United States of America, Plaintiff-Appellee, v. Jesus Manuel Gallegos, Defendant-Appellant.
ORDER AND JUDGMENT *
Jesus Manuel Gallegos appeals from a sentence imposed after remand in an earlier appeal. See United States v. Gallegos, 610 F. App'x 786 (10th Cir. 2015) (Gallegos I). After pleading guilty to one count of kidnapping under 18 U.S.C. § 1201(a)(1) he was originally sentenced to 360 months' imprisonment. As a result of an appeal to this court we vacated the sentence and remanded for clarification as to whether a two-level or four-level sentencing enhancement was appropriate based on the severity of the victim's eye injury. On remand, applying the criteria set forth in 18 U.S.C. § 3553(a) the judge again imposed a sentence of 360 months.1
Gallegos's appellate counsel 2 filed an Anders brief and moved to withdraw based on his assessment that the appeal presents no non-frivolous issues. See Anders v. California, 386 U.S. 738, 744 (1967) (if after a “conscientious examination” of the record, counsel finds an appeal “wholly frivolous,” counsel may move to withdraw and contemporaneously file “a brief referring to anything in the record that might arguably support the appeal”). Gallegos filed a pro se response to his counsel's Anders brief in which he requested appointment of new counsel. The government did not file a brief. We have conducted an independent review of the record in addition to considering the issues raised in counsel's brief and Gallegos's pro se response. See id. (when counsel files an Anders brief, the reviewing judge should examine the record to determine whether the case is “wholly frivolous”); accord United States v. Calderon, 428 F.3d 928, 930 (10th Cir. 2005).3
Counsel's Anders brief suggests several arguments Gallegos might possibly make in claiming procedural error. Procedural review addresses “the method by which a sentence was calculated.” United States v. Smart, 518 F.3d 800, 803 (10th Cir. 2008). Even so, he concedes that the failure to raise a contemporaneous objection at the sentencing hearing relegates these claims to plain-error review. See United States v. Ruby, 706 F.3d 1221, 1225 (10th Cir. 2013) (“Objections to procedural reasonableness that are not contemporaneously raised ․ are subject to plain error review.”). “Under plain error review, the defendant must demonstrate (1) there is error, (2) that is plain, (3) which affects substantial rights, and (4) which seriously affects the fairness, integrity, or public reputation of judicial proceedings.” Id. at 1226.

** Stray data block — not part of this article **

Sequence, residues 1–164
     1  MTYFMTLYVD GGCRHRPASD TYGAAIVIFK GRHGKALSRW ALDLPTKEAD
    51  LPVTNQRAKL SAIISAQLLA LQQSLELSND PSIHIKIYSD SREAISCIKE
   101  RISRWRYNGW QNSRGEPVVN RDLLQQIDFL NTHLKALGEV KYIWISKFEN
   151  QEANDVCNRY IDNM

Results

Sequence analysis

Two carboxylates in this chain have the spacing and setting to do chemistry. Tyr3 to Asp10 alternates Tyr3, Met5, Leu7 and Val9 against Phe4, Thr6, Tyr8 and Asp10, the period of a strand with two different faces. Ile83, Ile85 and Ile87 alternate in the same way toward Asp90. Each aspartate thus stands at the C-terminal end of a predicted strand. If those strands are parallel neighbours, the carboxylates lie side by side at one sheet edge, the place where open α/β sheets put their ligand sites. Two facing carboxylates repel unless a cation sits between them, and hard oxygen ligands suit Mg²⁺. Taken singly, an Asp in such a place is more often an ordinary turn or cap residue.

The Anders brief poses three possible arguments suggesting how the sentence might be considered procedurally unreasonable.4 First, he claims the sentencing judge gave the Guidelines no weight because nothing had changed between the original sentencing proceeding—where the judge imposed a sentence at the lowest Guideline level—and the resentencing proceeding—where the judge selected a sentence above the lowest level. Second, he argues that even though the judge and the prosecution recognized a two-level enhancement as appropriate based on the victim's injuries (which was lower than the increase by four levels originally attributed to the injuries), the judge nevertheless again imposed a 360-month sentence. Thus, he contends the judge inappropriately gave more weight to the other § 3553(a) factors than to the Guidelines.5 Third, he claims the judge's explanation for not imposing a sentence at the low end of the Guidelines range on remand was inadequate.
We find no error. The first two arguments assume the judge was bound by findings made at the original sentencing proceeding, which resulted in a sentence at the low end of the Guidelines range. But “the default in this circuit is de novo resentencing.” United States v. West, 646 F.3d 745, 750 (10th Cir. 2011). This court in Gallegos I did not limit the scope of the remand, so the district judge had discretion to conduct a new sentencing proceeding. See id. at 748-50 (discussing the scope of resentencing proceedings where the appellate remand did not limit the scope of the remand); see also Pepper v. United States, 131 S. Ct. 1229, 1251 (2011) (where appellate court remands for de novo resentencing, the resentencing judge “can reconfigure the sentencing plan to satisfy the [statutory] sentencing factors” (ellipsis and internal quotation marks omitted)). Gallegos was properly resentenced.